§ Mr. Hancock
To ask the Parliamentary Secretary, Department for Constitutional Affairs what assessment the Government has made of whether to develop a systematic mandatory training scheme on domestic violence for(a) judges and magistrates, (b) expert witnesses, (c) CAFCASS and (d) police officers; and if he will make a statement.
§ Mr. Leslie
The information is as follows:
Judges and Magistrates
My Department continues to work closely with the Judicial Studies Board (JSB) to develop training for judges and magistrates that takes account of the growing body of knowledge about domestic violence.
All judges on first appointment to part-time judicial office and all judges newly authorised to hear family cases are required to attend a relevant JSB residential induction seminar. Both full-time and part-time judges attend residential continuation seminars every three years in each jurisdiction they exercise. All induction and continuation seminars include discussion of domestic violence issues. Family law induction and continuation seminars include such issues in virtually every session within the seminar programmes.
Many judges in addition attend locally organised seminars. In 2002 the topic for the one-day Circuit Criminal Seminars, which are attended by all full and part-time judges sitting in the Crown court, was Domestic Violence.
The training of Magistrates is the statutory responsibility of individual Magistrates courts committees. Recently, the JSB in conjunction with the Magistrates Association produced a training package for magistrates, specifically on domestic violence. The objectives for the pack are that by the end of the course delegates will: be able to define domestic violence; recognise when domestic violence features in a case; and desrcibe how that recognition of domestic violence will impact on the conduct and disposal of a case and the treatment of any vulnerable individuals involved.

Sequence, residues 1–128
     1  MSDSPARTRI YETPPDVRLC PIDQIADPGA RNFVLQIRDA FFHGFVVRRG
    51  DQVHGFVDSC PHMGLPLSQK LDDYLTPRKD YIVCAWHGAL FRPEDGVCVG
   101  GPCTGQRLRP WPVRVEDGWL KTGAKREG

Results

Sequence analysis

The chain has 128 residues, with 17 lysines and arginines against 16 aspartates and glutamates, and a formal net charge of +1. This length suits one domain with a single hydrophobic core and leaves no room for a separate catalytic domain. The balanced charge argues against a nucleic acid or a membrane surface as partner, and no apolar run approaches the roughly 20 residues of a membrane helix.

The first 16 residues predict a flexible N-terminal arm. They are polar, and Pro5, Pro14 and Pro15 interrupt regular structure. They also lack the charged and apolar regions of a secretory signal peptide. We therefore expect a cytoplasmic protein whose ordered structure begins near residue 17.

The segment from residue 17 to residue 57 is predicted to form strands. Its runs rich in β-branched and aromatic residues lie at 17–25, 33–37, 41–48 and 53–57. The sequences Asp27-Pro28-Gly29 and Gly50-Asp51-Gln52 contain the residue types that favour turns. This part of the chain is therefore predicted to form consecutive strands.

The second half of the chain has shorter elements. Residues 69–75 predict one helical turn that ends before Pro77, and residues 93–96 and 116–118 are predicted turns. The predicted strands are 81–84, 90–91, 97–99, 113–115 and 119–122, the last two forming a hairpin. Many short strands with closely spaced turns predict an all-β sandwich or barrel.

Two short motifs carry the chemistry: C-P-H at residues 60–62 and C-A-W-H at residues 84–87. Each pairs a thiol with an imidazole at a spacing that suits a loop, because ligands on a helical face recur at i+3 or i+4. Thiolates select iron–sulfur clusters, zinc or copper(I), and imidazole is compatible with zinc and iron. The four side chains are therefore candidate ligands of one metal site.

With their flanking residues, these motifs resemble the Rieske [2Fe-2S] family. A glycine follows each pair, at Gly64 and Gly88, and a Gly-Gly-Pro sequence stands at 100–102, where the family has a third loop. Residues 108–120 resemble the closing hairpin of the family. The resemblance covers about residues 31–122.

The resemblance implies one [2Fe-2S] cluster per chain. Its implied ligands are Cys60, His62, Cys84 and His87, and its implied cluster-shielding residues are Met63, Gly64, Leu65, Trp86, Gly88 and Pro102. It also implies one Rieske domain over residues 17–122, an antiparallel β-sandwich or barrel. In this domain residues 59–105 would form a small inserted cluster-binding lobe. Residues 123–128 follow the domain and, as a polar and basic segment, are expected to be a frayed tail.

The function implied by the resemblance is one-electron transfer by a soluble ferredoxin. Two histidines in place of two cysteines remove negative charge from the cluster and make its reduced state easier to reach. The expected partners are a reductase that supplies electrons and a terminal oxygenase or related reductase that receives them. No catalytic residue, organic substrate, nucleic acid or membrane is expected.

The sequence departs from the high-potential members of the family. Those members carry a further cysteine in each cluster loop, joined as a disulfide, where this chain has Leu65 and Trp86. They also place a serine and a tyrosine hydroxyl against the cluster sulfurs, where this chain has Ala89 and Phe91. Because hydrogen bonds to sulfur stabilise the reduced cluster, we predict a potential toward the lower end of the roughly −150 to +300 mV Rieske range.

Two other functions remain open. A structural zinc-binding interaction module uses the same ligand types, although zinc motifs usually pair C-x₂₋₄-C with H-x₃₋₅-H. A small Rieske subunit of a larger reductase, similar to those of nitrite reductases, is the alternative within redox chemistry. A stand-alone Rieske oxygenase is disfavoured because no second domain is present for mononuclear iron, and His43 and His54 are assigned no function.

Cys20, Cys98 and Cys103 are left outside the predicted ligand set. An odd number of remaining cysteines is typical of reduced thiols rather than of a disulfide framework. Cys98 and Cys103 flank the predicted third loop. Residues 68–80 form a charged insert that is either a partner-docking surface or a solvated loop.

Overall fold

The programme of training for trainers began at the end of October. Magistrates courts committees will be encouraged to train their magistrates and legal advisers as soon as possible.
The Home Office supports, and part funds, the work of the Council for the Registration of Forensic Practitioners (CRFP). The CRFP has rigorous procedures to ensure those persons admitted to the register have appropriate training, experience and expertise to act as experts. Currently there is no training, or requirement for training, in domestic violence involved in CRFP registration as it is not of direct relevance to the majority of registered practitioners.
CAFCASS's training programme for Family Court Advisors includes a module on domestic violence. This will be put into operation for the first time in November and December 2003. CAFCASS is also currently developing a policy on domestic violence, which will 126W include guidance and procedures for staff. This will be available in 2004 and CAFCASS will review staff training needs with regard to the finalised policy.
The Centrex 'Policing Responses to Domestic Violence' modular training programme was launched in 2002 and has been substantially developed and updated. The training programme was distributed to police force training managers and nominated domestic violence officers in August 2003. The Policing Responses to Domestic Violence E-learning material CD-Rom was launched in March 2003.
We will continue to identify and respond, as a matter of priority, to the needs of those suffering from domestic violence.